On Sunday, I completed my first sprint triathlon. I’ve waited five decades to literally “take the plunge” and make this happen.
My wife, Mary, competed in her very first tri in 2010. Her coming out event was also the Pirate Tri, at Point Sebego Resort. I was a spectator at that one.
For the past few years, I’ve wanted to join her, but I considered the swim portion more than I could handle. I didn’t believe that something that I have never been very good at, could be brought up to a level where I could complete a 1/3rd mile swim, followed by a vigorous 15-mile bike ride, and ending with a 5k run.
Actually, I participated in the 2011 Pirate Tri as part of a team, riding the bike portion, so technically, I had participated in a tri prior to this year. Stacking all the events back-to-back is the measure of true participation, so without a swim, bike, run trio, I didn’t consider myself a triathlete.
In January, I broached the subject and the possibility that I’d tackle the Pirate Tri in June, wondering if I had what it took to complete the swim.
Both of us had gotten off to a good start in January, setting fitness and health goals for 2013. Mary didn’t know it at the time, but I had been admiring her dedication and in particular, her regular training commitment she had made after joining a wonderful group of female athletes called sheJAMs two years ago.
I used to be the athlete in our dyad, but after baseball went away in my early 40s (technically, I pitched my last competitive game at age 39, but continued to coach for several years afterwards), my athleticism seemed to be headed down memory lane.
Actually, I had lost a lot of weight in 2009 and had adopted a more rigorous fitness routine, but something still seemed to be missing at the end of 2012. I was hoping that training for a tri might jumpstart my inner athlete.
What got Mary going in 2010, was a group of co-workers deciding to do the Pirate Tri. She knew she could do the swim, as she swam competitively in her teens, and she’s always been a strong swimmer. She also biked several of the Trek Across Maine events in the 1990s, along with my sister.
That first tri got her hooked, and she’s been on a mission ever since, completing two Tri for a Cure events (she’ll be competing in her third one this year), and swimming Peaks to Portland two years ago.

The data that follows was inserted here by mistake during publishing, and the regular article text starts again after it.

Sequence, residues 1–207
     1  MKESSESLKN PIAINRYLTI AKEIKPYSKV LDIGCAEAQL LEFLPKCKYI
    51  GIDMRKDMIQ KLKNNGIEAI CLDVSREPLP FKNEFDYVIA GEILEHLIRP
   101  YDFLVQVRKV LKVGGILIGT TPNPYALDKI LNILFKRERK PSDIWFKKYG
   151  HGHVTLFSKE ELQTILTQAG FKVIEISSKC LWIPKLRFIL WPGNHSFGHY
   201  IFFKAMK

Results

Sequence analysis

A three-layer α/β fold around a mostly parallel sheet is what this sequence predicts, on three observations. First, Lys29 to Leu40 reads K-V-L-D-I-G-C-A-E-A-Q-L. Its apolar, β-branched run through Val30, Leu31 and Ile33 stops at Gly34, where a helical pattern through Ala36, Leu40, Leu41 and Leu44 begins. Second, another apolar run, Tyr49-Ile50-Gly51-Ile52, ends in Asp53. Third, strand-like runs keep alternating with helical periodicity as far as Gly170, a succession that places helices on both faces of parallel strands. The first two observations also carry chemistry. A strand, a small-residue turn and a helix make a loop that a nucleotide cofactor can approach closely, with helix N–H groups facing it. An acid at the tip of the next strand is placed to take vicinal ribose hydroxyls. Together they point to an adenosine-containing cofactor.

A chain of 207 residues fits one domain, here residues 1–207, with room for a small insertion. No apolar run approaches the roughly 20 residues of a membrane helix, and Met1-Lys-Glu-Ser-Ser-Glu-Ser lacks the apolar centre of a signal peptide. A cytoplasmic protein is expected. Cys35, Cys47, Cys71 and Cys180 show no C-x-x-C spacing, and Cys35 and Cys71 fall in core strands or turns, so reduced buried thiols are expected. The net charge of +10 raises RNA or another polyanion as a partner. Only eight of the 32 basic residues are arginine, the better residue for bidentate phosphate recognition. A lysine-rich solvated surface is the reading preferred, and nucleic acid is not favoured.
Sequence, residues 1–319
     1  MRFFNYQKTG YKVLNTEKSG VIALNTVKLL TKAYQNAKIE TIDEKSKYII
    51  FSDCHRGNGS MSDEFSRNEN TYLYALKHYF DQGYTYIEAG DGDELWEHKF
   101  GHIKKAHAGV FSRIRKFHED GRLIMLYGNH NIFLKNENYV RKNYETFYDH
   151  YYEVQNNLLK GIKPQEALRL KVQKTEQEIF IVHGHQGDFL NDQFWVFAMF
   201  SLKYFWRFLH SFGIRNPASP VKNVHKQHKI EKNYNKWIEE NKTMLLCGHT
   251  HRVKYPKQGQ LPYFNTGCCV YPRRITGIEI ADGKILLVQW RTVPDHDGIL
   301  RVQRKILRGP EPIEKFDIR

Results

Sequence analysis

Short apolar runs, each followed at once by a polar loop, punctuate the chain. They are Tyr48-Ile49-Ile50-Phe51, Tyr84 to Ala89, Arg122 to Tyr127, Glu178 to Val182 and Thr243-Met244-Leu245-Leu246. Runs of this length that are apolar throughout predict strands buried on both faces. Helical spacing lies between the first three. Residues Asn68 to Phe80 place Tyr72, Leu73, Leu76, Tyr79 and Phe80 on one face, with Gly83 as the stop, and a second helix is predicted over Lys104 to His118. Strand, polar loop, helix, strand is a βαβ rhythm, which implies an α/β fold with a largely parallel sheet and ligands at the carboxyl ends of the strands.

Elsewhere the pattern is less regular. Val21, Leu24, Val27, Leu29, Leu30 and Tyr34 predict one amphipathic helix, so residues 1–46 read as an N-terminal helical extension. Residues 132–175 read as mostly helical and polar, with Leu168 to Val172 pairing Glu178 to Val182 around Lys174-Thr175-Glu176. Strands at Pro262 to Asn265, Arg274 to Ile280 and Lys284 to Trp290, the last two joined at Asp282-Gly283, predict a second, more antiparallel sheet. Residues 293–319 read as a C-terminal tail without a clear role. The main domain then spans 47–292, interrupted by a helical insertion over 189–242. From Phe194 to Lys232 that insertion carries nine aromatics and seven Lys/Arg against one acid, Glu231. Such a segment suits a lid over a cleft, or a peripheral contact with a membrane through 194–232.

As we get older, and in particular, if you’ve been married to the same person for as long as Mary and I have been together, it’s important to reevaluate, consider what your partner is interested in, and if possible, find some new activities that both partners enjoy doing, and that they can share with each other. I’m talking about more than sex, too, or thinking it’s ok to call your wife a “golf widow,” or fill-in the blank for golf.
What I really appreciated about Mary’s approach when I was on the fence about moving beyond mere talk about doing a tri, is that she took action. She signed me up with a coach that she knew was effective and that had been helpful for her.
Now, you have to know how I am, and how sometimes I can be a royal pain in the ass. Mary’s goodness and positive act was initially met with resistance. I carried on like a big baby and complained that I didn’t want to work with a coach that I didn’t know and didn’t she know that I couldn’t swim, “wah, wah, wah!”
I wrote about my initial foray into the pool, and then, posted this progress report. My coach, Kelsey Abbott, really helped me. I liked her so much as a coach that I just began twice-a-week yoga and core strength training classes with her on Monday, as I move towards my next goal of completing an Olympic-length tri at the end of August.
Mary has been the perfect partner through all of this. When I complained, she’d give me a kick in the ass, rather than coddle me. She also knew when I was a bit discouraged or intimidated during some initial early AM swims at the Greely High School pool in early March, when all the “professionals” that have been swimming since before they could walk get in their swimming. Her suggestion that I go at night on Mondays and Wednesdays, and even swimming a couple of Saturday mornings at the Bath Y got me over the hump.
Her positive reinforcement, occasional tough love, and then, walking me through the final steps that she knew about based upon her own experience got me to the water’s edge on Sunday morning. I can’t believe I’m saying this after my first swim in February, and given the struggles the first 4-6 weeks but, “the swim wasn’t that hard.” It really wasn’t.
I prepared, worked on my technique, committed to putting the time in at the pool, and even a bout with painful tendonitis in my right bicep/tricep area after my first open water swim two weeks before the tri couldn’t deter me.
I have had success being a lone wolf. I don’t always need a training partner, or someone to hold my hand through an activity or a project. There are times, however, when it helps to have someone to partner with, bringing energy, encouragement, and knowing when to push, and just how much pressure to apply.
Real partners know what you need, support your efforts, and help you get over the difficult patches. That partnership is especially sweet when you find something new to share with the partner who happens to be the love of your life, your best friend, and someone you’ve been with since you were both 17.